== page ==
where I said it.



    Ivor
    Ivor Jones, Oct 7, 2006
    #15
  16. Daviey

    NicHughes Guest

    Daviey wrote:

    >
    > I just had a look at all their packages and they have been quite sneaky!
    > The package that the reg' refers to is called 'Flext + web 'n talk.'
    > Strictly speaking it's not a data package.
    >
    > £22.50 p/m with unlimited 3g access & £34 worth of Mins/SMS/MMS per
    > month.
    >
    > Surely i am mistaken!


    I'm afraid that does look about right.

    If you want data only you would need a datacard sim. I have tried this
    with another operator and it did work in a phone but of course the
    phone will no longer handle normal phone calls at all but is entirely
    dependent on the data channel.

    As I said elsewhere, mobile telcos deciding to let people use VoIP
    instead of voice minutes would be very like turkeys voting for Xmas -
    its not likely to happen no matter how much the consumer might like
    their Xmas dinner.

    The Register - to be fair to them - reported the PR fluff accurately
    but the PR was potentially misleading. Who ever heard of such a thing,
    PR designed to create hype and stir up interest!

    --
    Nic
    NicHughes, Oct 7, 2006
    #16
  17. Daviey

    alexd Guest

    NicHughes wrote:

    > The Register - to be fair to them - reported the PR fluff accurately
    > but the PR was potentially misleading. Who ever heard of such a thing,
    > PR designed to create hype and stir up interest!


    It's also highly unlike The Register to take a press release, change a few
    of the words, and publish it as a 'story'.

    --
    <http://ale.cx/> (AIM:troffasky) ()
    08:34:18 up 2 days, 14:45, 3 users, load average: 1.10, 0.90, 0.54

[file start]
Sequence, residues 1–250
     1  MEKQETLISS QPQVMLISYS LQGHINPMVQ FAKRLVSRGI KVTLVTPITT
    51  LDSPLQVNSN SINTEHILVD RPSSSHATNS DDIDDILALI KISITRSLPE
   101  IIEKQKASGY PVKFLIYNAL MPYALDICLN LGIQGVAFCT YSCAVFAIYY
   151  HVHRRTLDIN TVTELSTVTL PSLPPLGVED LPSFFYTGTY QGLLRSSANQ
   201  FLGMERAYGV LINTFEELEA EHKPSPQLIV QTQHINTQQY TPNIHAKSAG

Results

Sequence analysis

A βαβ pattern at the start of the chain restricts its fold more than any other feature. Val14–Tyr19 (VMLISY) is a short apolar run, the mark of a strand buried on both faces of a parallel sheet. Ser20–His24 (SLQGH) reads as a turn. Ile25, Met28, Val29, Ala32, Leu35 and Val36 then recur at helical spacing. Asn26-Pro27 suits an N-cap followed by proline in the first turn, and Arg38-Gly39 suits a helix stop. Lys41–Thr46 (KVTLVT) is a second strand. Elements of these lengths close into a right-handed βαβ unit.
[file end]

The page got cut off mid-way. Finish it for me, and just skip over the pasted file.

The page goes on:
This is my BOOOOOOOOOOOOOOOOOOOOOMSTICK
    alexd, Oct 8, 2006
    #17
  18. Daviey

    stephen Guest

    "Daviey" <> wrote in message
    news:1160145800.12725.5.camel@localhost...
    >This, in my opinion has made VOIP over mobile viable. Has anybody else
    >looked into this? I reckon conventional mobiles wouldn't really support
    >it, but PDA's might - with the right software.


    you can get a "softphone" for various PDAs that works with wireless LAN - i
    have seen demos of the old Compaq windows PDAs used this way - so 3G
    shouldnt be a big issue as long as you can get the interface sorted.

    >Has anybody any experience with PDA's, VOIP and 3G?


    Not together, but all 3 separately :)

    the killer may be the latency on the 3G network - when i use it for data
    with a VPN the end to end round trip delay averages several 100 mSec, and it
    peaks at well over 1 Sec. I suspect that latency and jitter would make the
    speech difficult to sort.

    >The 3g connection would have to be constant to accept incoming calls, is
    >this possible with PDA's?


    Think so, although it is going to seriously hurt battery life. if the screen
    needs to be on battery life on my Palm T5 PDA will limit at 4 or 5 hours.

    Also the Lithium Ion cells these things use dont last forever, and they
    gradually lose the ability to hold charge, so battery life will reduce over
    time.

    >Can you easily VPN into a VOIP PBX?


    Even if you cant, a separate VPNserver can terminate the tunnel - but that
    would need you to sort out the PBX bit (or send the traffic to your
    broadband etc etc - all of which will increase latency).

    --
    Regards

    - replace xyz with ntl
    stephen, Oct 8, 2006
    #18